CANADIAN PHONE MAKER Blackberry is having a pretty rough time.
Last week the company reported its fiscal first quarter 2014 financial results, which saw the firm post a loss of $84m for the three month period, while admitting that out of the 6.8 million smartphones it shipped, just 2.7 million were running its Blackberry 10 mobile operating system.
It might be too soon to say that's it for Blackberry, but if the firm doesn't ramp up its game we could soon see a smartphone market that doesn't include handsets with physical keyboards.
So, why aren't Blackberry 10 smartphones selling? I've been using a Blackberry Q10 smartphone for a couple of months, having been won over by its sophisticated design and sturdy physical keys. While there are plenty of good things to say about the Blackberry Q10 handset's design, there's little that excites me about the Blackberry 10 (BB10) operating system, and comsumers in general seem to feel the same way.
Let's be frank, BB10 unlike Blackberry's operating systems of old brings little new to the table. Despite putting its own spin on mobile with its latest release, Blackberry has seeingly pinched bits and bobs from iOS and Android and mashed them into an operating system that fails to match the appeal of either one.
Don't get me wrong, BB10 isn't terrible. Multitasking is great, and until I got my hands on iOS 7 it seemed like Blackberry was the only company that had really nailed a gesture based user interface. I'm also a fan of Blackberry Messenger (BBM), although with this soon to be arriving on iOS and Android, that's another reason for consumers to let go of their Blackberry handsets.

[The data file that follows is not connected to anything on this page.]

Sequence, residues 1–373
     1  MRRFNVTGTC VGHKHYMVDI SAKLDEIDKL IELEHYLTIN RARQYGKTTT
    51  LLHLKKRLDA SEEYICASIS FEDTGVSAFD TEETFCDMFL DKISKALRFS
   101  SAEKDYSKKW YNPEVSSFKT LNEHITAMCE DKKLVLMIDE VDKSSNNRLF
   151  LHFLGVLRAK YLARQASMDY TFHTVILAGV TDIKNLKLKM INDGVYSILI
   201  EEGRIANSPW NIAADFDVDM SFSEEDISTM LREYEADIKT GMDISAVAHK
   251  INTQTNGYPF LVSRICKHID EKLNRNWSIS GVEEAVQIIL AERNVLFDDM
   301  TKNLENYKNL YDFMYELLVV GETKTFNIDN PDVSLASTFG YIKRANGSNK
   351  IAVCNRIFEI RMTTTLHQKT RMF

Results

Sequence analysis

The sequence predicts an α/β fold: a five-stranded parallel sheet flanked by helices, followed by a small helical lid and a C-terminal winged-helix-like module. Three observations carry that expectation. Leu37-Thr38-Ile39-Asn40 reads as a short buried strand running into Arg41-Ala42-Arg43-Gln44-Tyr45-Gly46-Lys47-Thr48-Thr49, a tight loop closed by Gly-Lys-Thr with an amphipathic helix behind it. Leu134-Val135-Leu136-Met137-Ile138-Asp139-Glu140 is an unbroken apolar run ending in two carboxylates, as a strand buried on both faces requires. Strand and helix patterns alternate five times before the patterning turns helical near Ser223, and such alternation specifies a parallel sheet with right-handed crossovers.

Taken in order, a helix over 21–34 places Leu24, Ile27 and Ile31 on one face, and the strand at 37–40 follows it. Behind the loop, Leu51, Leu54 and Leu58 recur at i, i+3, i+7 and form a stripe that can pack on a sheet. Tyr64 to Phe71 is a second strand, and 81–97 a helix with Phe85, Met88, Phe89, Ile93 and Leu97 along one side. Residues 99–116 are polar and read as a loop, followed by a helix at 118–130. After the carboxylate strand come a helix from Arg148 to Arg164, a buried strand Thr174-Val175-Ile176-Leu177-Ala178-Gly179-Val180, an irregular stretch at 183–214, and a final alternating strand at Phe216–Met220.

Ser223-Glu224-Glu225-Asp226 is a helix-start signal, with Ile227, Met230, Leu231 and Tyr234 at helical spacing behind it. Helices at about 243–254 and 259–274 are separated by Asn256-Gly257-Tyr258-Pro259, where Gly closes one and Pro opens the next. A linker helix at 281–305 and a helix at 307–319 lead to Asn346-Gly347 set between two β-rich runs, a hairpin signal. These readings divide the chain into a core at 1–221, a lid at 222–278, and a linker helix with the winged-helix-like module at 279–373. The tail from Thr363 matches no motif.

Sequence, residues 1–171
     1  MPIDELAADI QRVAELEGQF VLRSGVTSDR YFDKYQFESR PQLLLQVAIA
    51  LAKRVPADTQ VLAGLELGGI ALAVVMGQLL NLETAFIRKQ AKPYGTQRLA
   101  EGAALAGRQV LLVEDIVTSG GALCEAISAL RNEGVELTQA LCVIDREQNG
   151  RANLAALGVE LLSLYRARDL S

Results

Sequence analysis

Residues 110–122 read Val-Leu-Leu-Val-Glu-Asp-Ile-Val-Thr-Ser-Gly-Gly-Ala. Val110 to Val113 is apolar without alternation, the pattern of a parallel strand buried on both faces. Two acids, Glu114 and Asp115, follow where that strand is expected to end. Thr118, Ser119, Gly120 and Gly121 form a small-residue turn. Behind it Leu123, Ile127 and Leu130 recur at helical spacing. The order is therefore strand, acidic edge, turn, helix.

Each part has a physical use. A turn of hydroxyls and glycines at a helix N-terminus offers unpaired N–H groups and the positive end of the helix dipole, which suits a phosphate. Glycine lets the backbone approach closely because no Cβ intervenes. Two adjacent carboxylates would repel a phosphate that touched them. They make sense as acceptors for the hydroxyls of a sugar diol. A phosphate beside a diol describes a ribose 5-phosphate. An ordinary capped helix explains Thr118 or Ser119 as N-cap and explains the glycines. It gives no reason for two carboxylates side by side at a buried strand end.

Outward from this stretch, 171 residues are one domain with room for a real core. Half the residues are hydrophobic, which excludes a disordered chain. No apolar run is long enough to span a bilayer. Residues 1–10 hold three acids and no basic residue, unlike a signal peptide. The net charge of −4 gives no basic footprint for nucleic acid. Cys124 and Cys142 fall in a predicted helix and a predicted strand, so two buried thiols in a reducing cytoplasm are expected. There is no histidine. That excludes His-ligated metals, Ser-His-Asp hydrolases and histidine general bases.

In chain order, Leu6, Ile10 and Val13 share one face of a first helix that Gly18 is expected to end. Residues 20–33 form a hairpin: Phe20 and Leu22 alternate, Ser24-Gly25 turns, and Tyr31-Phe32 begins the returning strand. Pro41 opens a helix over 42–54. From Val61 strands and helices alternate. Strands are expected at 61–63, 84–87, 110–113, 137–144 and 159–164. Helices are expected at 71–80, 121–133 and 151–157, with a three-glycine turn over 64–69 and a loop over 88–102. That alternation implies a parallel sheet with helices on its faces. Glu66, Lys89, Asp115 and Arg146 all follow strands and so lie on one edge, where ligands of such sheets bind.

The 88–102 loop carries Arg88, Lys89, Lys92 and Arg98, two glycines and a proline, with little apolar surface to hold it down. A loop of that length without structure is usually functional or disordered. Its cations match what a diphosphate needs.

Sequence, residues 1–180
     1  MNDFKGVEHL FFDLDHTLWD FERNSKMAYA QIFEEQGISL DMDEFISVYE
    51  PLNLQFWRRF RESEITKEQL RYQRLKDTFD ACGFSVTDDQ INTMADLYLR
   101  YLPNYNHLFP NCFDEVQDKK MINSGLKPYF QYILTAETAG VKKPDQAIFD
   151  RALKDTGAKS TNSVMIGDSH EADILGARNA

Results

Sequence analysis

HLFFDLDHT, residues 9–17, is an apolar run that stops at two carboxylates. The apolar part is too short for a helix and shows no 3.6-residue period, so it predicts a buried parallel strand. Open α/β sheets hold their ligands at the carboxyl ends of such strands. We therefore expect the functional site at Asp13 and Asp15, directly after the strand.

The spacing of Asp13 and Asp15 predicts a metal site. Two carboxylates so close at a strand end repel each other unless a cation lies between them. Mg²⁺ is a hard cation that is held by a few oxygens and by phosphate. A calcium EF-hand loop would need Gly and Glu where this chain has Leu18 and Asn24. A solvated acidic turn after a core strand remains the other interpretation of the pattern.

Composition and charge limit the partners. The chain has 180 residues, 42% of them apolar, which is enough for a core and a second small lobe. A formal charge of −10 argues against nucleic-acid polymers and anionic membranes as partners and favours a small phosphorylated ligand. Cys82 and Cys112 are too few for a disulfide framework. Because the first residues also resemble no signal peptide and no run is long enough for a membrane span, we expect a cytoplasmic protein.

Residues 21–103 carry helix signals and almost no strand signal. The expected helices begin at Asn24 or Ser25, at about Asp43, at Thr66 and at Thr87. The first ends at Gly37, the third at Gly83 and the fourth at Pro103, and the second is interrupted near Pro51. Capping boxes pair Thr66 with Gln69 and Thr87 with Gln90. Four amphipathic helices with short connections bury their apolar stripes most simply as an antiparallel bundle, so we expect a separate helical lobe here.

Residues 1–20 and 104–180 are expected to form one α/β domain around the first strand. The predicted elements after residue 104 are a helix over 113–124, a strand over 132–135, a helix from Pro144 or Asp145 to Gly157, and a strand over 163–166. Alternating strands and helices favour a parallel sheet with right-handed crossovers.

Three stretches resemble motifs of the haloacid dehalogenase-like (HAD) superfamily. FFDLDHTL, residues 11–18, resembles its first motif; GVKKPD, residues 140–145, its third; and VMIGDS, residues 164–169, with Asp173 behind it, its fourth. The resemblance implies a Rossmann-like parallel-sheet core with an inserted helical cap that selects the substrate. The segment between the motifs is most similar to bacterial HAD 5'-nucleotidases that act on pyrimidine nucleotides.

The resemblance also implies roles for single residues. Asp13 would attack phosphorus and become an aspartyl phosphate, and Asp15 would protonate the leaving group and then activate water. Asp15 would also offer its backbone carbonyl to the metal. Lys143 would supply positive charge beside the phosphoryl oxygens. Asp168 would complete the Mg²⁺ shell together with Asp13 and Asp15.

While there are some positive features lurking in the BB10 mobile operating system, it just doesn't bring enough to the table to compete. While Blackberry is keen to talk up BB10's enterprise features, such as Blackberry Balance, this is nothing new anymore. Blackberry used to be the mobile leader in the enterprise market, but Apple and Samsung have since swooped in on this sector, loading their handsets full of security features that are secure enough to have been approved for use by the US government.
The BB10 mobile operating system's biggest downfall however is Blackberry World. Blackberry has failed to convince developers that its Blackberry 10 operating system is worth making apps for, which means that its mobile app store is a deserted place full of fart apps and expensive games, with apps like Google+, Spotify and Instagram sorely missing.
While the same can be said about the Windows Store, Microsoft's mobile operating system is managing to attract a few customers because, unlike Blackberry, it brings something new to the mobile market. Microsoft is proof that this works, as it was revealed in June that Windows Phone has doubled its UK market share to 8.4 percent, whereas Blackberry's share shrunk from 13.5 percent to 5.6 percent in the same period.
Some might argue that there are always going to be loyal Blackberry fans out there who will be quick to snap up the firm's latest devices, but given the lacklustre sales of Blackberry 10 smartphones and the firm's U-turn on bringing the Blackberry 10 mobile operating system to the Blackberry playbook tablet, I wouldn't be so sure of that. µ